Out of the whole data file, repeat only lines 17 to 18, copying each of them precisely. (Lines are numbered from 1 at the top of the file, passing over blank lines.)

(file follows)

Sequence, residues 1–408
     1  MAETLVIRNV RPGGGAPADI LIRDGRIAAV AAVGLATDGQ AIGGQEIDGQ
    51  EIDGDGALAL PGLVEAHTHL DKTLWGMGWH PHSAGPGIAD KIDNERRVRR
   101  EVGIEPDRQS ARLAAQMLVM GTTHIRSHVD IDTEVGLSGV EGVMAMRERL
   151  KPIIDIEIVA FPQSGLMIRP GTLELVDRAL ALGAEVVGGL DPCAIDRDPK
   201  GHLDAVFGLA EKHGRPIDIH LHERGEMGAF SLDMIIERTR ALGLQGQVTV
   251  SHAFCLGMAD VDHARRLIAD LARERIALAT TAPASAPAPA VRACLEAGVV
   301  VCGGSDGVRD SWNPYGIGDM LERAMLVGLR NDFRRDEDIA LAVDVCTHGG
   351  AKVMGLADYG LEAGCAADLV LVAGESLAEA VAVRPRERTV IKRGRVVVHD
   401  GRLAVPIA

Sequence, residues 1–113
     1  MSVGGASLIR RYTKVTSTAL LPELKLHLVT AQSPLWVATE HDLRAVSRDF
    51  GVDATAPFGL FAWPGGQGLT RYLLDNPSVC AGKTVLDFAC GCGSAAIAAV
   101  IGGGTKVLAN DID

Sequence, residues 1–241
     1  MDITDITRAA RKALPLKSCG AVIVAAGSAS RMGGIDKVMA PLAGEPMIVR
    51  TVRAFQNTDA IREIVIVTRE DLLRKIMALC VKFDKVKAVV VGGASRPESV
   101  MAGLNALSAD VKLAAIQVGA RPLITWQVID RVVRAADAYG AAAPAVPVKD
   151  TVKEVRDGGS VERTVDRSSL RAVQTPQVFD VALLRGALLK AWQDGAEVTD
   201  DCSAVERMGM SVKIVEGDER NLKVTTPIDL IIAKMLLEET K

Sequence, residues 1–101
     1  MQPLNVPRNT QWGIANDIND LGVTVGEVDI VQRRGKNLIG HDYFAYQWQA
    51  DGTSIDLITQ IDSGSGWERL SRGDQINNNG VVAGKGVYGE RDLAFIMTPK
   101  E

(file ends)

    51  TVRAFQNTDA IREIVIVTRE DLLRKIMALC VKFDKVKAVV VGGASRPESV
   101  MAGLNALSAD VKLAAIQVGA RPLITWQVID RVVRAADAYG AAAPAVPVKD